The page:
Sometimes things do come right, though, and in the unlikeliest of ways. Not so long ago much of football was also gloomy; on a different scale of course but still pretty depressing. Many in our national team were less than inspiring, over indulged playboys who thought they could do no wrong. Similarly, some supporters put their country to shame through their appalling behaviour. There was nothing there that a Religious Studies teacher, searching for examples of the best of the human spirit, like optimism, fortitude, an open hearted embracing of others for a common cause, could build on. How things have changed. We may or may not still be ‘in’ when you read this but we can look back and be pleased with what we have done. Our players have stood out as young, positive role models. Our supporters, more multi-racial than they have ever been, have behaved superbly well and a sense of the global village and the human family has pervaded our TV screens and newspapers. We have shown the early morning matches on big screens here at LVC and we’ve all celebrated together.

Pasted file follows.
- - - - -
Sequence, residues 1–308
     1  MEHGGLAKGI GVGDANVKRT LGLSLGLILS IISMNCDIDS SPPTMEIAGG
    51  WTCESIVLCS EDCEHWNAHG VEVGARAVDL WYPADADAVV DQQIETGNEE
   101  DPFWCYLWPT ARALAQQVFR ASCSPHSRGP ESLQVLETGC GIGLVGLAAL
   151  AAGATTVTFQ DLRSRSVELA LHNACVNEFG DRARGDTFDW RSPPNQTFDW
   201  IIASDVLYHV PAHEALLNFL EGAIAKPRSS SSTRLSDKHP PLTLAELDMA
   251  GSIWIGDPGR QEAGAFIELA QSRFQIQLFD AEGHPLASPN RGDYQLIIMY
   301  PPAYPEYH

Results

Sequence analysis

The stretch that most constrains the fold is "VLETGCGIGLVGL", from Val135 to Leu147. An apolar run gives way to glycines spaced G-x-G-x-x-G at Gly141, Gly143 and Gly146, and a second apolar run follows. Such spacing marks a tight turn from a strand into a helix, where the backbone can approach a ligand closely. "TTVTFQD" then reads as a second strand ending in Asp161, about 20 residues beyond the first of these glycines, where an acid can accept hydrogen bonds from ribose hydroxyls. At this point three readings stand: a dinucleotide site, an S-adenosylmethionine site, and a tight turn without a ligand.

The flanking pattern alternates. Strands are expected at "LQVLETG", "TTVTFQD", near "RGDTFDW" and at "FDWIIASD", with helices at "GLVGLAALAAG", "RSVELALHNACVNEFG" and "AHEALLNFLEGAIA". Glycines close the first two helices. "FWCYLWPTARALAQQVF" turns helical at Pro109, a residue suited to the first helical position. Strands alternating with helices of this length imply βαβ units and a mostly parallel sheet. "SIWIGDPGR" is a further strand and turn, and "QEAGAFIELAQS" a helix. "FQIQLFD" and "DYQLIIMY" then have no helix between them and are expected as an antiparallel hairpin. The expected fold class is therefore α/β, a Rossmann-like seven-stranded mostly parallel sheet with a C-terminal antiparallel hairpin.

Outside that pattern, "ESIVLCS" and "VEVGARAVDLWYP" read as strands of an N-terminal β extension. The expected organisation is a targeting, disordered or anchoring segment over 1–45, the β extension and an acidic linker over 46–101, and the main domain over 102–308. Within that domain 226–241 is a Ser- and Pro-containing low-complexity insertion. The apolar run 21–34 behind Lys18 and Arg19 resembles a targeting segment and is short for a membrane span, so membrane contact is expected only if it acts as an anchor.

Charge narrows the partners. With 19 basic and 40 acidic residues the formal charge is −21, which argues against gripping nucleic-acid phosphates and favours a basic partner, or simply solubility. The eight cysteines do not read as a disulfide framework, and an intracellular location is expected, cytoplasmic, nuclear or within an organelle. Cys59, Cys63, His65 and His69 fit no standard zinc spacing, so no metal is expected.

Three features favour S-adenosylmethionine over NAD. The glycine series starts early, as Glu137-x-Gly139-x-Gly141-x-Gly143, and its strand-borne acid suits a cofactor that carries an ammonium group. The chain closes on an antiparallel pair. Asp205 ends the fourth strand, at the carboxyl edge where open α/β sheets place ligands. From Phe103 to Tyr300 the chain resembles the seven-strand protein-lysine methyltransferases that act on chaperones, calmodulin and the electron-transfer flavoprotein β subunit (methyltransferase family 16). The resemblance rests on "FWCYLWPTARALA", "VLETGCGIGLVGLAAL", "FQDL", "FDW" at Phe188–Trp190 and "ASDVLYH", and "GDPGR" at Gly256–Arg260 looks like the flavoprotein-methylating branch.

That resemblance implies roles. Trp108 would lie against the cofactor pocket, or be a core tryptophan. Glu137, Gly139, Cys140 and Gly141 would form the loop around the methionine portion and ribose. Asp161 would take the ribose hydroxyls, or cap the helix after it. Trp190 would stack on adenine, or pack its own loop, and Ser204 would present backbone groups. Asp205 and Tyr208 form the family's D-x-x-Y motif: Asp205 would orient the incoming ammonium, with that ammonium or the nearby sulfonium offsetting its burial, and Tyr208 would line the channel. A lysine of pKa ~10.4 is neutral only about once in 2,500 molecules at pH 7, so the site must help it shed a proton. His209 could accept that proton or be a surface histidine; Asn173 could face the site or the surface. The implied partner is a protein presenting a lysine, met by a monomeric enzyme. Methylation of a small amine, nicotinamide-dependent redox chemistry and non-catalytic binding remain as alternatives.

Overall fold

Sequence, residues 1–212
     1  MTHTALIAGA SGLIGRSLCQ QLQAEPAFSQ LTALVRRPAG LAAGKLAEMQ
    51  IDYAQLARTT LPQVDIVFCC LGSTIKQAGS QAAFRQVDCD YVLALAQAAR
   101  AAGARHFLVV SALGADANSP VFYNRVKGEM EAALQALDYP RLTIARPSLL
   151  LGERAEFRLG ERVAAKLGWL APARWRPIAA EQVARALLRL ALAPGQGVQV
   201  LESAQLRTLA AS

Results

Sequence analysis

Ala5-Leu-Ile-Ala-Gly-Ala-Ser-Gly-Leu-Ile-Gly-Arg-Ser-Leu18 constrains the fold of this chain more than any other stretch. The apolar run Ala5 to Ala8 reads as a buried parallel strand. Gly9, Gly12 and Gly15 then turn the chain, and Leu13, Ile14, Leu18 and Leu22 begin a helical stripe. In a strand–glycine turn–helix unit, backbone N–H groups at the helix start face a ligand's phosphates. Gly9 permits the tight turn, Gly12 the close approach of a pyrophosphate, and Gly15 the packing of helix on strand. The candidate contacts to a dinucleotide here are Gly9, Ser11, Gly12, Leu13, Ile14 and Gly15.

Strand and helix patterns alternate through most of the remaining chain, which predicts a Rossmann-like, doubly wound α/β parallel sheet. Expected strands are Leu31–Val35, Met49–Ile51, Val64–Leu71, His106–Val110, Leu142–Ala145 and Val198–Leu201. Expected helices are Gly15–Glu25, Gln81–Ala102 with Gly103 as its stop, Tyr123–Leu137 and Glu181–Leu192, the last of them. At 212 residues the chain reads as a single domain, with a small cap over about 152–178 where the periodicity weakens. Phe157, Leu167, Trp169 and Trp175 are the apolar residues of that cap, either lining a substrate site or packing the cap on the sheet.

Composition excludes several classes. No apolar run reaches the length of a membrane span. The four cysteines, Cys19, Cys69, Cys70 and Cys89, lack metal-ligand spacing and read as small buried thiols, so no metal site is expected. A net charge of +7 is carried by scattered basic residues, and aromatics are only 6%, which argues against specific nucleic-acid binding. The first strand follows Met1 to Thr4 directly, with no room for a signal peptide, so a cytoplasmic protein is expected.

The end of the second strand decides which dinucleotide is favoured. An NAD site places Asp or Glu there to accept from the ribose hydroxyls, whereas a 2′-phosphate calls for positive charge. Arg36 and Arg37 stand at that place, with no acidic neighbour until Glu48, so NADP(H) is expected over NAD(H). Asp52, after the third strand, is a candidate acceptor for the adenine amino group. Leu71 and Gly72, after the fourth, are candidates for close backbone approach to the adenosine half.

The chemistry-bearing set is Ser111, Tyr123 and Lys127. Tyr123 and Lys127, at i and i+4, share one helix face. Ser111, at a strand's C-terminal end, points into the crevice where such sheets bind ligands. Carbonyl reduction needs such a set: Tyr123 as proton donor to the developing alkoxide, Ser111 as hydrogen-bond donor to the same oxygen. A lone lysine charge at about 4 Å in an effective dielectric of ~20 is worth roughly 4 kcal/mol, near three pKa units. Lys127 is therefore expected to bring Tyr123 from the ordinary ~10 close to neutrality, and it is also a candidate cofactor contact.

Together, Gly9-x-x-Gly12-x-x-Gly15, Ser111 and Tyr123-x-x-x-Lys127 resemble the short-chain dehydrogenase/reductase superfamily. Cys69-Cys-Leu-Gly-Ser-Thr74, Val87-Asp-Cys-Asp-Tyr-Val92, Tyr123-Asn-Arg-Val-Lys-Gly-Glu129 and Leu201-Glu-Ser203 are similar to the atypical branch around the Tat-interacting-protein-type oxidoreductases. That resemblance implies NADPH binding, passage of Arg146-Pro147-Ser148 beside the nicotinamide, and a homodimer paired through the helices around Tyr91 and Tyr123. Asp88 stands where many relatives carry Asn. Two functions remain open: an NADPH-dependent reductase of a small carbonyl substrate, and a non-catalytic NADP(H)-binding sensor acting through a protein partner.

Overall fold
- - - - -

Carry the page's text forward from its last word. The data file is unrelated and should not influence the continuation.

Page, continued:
A couple of children summed it up for me when they said, ‘We don’t really like football Mr Bush but thanks for putting this on, it felt really good to be part of it.’ Nicely put, but honestly, football – who’d have thought it! Clive Bush, Principal


THIEVES are on the rampage with local tradesmen their targets. In the early hours of Friday 14th June, several vans containing work tools and equipment were broken into in Linton . For Kevin Meeks it is the third time he has had to replace all his tools—the last theft happened less than six weeks previously. Kevin’s Discovery Land Rover only just escaped being taken after Kevin, alerted by his dog growling, shouted at the culprits and went after them. Kevin has featured in two Linton News articles recently for his generosity to both our local playgroups, so it is a pity that his third appearance is not on the same positive note . We hope the police will be able to track down these unscrupulous thieves. Tracey Russell